It seems like everyone is getting into the video business. First it was Netflix and Amazon. Then Apple recently announced that it will be producing original content. And now even Facebook is entering the game.
Facebook Watch is a new service that lets Facebook users watch original TV shows created exclusively for the social network. But how does Facebook Watch stack up against the established big hitters on the streaming scene? Read on to find out.
You Can’t Beat Free
As of right now, there’s no cost to watch any of Facebook’s videos. Which puts it at a significant advantage over the likes of Netflix, Amazon, and Hulu. But because nothing online is truly free, you’ll pay for the content by being forced to watch ads.
At the end of August, Reuters reported that Facebook was still trying to figure out how to best insert ads into the videos. So there’s a good chance you’ll see a few different formats and placements as the company figures out the finer details.
While there’s currently no subscription option for an ad-free experience, don’t be too surprised if you see a YouTube Red-like option popup in the future. Facebook Watch is all about making money, and that’s another way to empty the pockets of users.
Interestingly, one of the things that Facebook is banking on with Watch is community-created content. Facebook itself is paying for some shows, and will be creating original videos. But a lot of what’s currently on Watch is actually created by other people.
There are shows from Buzzfeed’s The Try Guys, WIRED, The Daily Show, NowThis, GameSpot, Harper’s Bazaar, and more.
Some original shows have already popped up. Ball in the Family, Loosely Exactly Nicole, and Humans of New York are all original reality shows. According to TechCrunch, Facebook will be spending up to a billion dollars in 2018 to fund more shows.
As of right now, there are a lot of short videos and a few shows. And those shows are pretty strange. One sends strangers on blind dates in places like ancient Egypt and the middle ages using VR headsets. Another is full of videos of military veterans coming home. Yet another examines all of the ways the world could end (to be honest, this one sounds pretty cool).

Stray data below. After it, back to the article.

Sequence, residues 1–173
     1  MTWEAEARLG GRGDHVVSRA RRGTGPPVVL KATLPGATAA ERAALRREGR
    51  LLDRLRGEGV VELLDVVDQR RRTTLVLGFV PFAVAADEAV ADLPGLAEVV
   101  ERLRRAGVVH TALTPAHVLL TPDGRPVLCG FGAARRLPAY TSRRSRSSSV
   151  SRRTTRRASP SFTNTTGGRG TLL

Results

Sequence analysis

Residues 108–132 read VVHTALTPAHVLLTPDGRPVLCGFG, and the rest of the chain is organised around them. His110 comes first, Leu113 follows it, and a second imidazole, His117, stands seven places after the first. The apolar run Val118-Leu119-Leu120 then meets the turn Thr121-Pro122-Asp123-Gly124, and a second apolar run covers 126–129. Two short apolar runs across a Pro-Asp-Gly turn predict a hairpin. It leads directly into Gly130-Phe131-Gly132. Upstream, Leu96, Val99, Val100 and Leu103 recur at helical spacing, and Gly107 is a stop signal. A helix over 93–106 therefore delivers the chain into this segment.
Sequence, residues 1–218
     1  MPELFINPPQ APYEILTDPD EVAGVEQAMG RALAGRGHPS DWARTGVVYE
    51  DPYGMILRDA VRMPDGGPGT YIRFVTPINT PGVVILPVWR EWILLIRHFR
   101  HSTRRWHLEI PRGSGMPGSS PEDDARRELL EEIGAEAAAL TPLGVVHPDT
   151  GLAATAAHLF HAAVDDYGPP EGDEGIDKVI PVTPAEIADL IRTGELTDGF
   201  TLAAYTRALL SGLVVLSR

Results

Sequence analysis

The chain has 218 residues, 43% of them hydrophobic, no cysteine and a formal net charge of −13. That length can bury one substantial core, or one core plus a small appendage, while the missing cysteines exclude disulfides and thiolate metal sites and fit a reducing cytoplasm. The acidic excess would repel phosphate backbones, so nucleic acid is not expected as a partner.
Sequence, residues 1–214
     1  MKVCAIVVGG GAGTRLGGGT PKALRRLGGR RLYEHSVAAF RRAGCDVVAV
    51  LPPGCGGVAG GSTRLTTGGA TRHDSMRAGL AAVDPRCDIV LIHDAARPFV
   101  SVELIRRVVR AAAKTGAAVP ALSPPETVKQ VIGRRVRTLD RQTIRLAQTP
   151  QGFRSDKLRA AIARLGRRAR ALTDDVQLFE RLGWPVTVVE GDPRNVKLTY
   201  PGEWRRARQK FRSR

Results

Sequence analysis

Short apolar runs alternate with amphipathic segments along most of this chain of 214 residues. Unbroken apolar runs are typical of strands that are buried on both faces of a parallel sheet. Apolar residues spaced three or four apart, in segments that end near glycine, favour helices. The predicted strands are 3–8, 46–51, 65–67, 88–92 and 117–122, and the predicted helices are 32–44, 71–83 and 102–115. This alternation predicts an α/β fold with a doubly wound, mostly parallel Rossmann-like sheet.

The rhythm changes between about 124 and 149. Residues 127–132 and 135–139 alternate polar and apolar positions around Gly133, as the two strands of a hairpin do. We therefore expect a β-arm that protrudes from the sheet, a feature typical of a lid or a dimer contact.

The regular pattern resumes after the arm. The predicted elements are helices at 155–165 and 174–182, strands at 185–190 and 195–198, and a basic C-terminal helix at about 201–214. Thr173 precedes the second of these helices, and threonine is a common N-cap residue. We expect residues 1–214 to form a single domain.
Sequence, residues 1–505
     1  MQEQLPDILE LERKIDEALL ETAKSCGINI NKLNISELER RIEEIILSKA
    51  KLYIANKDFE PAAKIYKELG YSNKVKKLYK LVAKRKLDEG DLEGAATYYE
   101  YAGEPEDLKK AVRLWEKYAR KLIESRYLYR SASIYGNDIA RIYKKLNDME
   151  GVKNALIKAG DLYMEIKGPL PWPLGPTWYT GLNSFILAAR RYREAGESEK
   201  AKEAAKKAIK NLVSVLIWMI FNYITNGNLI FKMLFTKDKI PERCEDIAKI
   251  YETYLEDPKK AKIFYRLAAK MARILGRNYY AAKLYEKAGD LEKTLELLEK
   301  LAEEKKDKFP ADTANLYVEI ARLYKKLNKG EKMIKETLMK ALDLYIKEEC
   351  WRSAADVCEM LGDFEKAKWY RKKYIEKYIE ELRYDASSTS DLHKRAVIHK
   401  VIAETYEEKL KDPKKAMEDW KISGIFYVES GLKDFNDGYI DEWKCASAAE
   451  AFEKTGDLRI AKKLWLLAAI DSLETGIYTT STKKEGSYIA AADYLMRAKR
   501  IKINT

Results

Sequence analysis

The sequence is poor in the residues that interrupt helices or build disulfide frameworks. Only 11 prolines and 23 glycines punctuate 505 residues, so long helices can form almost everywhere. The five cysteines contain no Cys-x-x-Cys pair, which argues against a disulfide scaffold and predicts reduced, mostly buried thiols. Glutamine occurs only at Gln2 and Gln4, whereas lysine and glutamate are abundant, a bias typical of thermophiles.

A Strong Focus on Short Videos
The videos on Facebook Watch range from just a few minutes to longer shows that are split over multiple installations. You’ll see many videos that have series and episode numbers in their names:
This is something that Facebook is focusing on: there aren’t any movies on Facebook Watch. Instead, it’s geared toward quickly consumable content that people can watch, comment on, and share in a matter of minutes.
In this way, Facebook isn’t trying to grab quite the same market as Netflix or Amazon. Instead, it’s more like YouTube, at least in its current incarnation. Many people are calling Facebook Watch an attempt at luring some ad dollars away from YouTube, in fact.
But as you’ll see in the Watch tab, there are lots of “shows” — even if the episodes are only a few minutes long. This seems to be something Facebook is emphasizing as well, making it a little different from YouTube, which has no problem hosting billions of one-off videos.
How Does It Compare?
It’s not surprising that Facebook Watch currently doesn’t hold a candle to YouTube. A quick search for “otters” on Facebook Watch brought up three results… and one of them was actually about cats.
How many videos does YouTube bring up for the same search?
Note: After learning more about how Facebook Watch search works, I’ve learned that there are only three episodes that show up for the otter search. But as I mention below, the search results can be a bit confusing. This is a perfect example of that.)